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Psychopharmacology (Berl). 2007 Aug;193(3):305-13. Epub 2007 Apr 20.

A pharmacological analysis of stimulant-induced increases in smoking.

Author information

1
Department of Behavioral Science, College of Medicine, University of Kentucky, Lexington, KY 40536, USA.

Abstract

RATIONALE:

Stimulants increase tobacco smoking in healthy adults under controlled laboratory conditions. The mechanisms that mediate stimulant-induced increases in smoking are not known.

OBJECTIVE:

The purpose of the present experiment was to characterize the pharmacological specificity of stimulant-induced increases in smoking. We tested the effects of methylphenidate and atomoxetine on smoking behavior. Atomoxetine is a norepinephrine transport inhibitor that does not increase dopamine levels in the nucleus accumbens or striatum. If stimulant-induced increases in smoking result from an additive or synergistic effect of these drugs and nicotine on dopamine levels in the nucleus accumbens or striatum, methylphenidate but not atomoxetine should increase smoking.

MATERIALS AND METHODS:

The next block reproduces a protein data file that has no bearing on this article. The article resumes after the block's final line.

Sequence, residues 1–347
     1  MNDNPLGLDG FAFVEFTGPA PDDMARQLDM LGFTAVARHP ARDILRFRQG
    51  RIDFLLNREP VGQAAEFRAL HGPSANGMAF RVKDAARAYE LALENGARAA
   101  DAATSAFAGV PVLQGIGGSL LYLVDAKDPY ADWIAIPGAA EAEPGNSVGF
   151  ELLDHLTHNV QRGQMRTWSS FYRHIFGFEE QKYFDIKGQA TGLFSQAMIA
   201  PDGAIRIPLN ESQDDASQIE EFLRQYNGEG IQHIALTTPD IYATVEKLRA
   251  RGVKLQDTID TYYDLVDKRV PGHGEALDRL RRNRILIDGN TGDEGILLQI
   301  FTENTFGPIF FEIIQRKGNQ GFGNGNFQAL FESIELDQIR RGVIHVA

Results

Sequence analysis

Doses of methylphenidate (10, 20, and 40 mg) and atomoxetine (20, 40, and 80 mg) were tested once while placebo was tested twice in 12 cigarette smokers. One hour after ingesting drug, participants smoked ad libitum for 4 h. Measures of smoking included total cigarettes, total puffs, and carbon monoxide levels. Snacks and decaffeinated drinks were available ad libitum, and food intake was calculated.

RESULTS:

Methylphenidate but not atomoxetine dose-dependently increased the number of cigarettes, puffs, and carbon monoxide levels. Methylphenidate and atomoxetine decreased food intake.

CONCLUSIONS:

The results of this experiment are consistent with the notion that stimulant-induced increases in smoking may result from an additive or synergistic effect of these drugs and nicotine on dopamine levels in the nucleus accumbens or striatum. Additional research is needed to more fully understand the pharmacological mechanisms that mediate the relationship between stimulant use and smoking.

PMID:
17447052
DOI:
10.1007/s00213-007-0786-z
[Indexed for MEDLINE]

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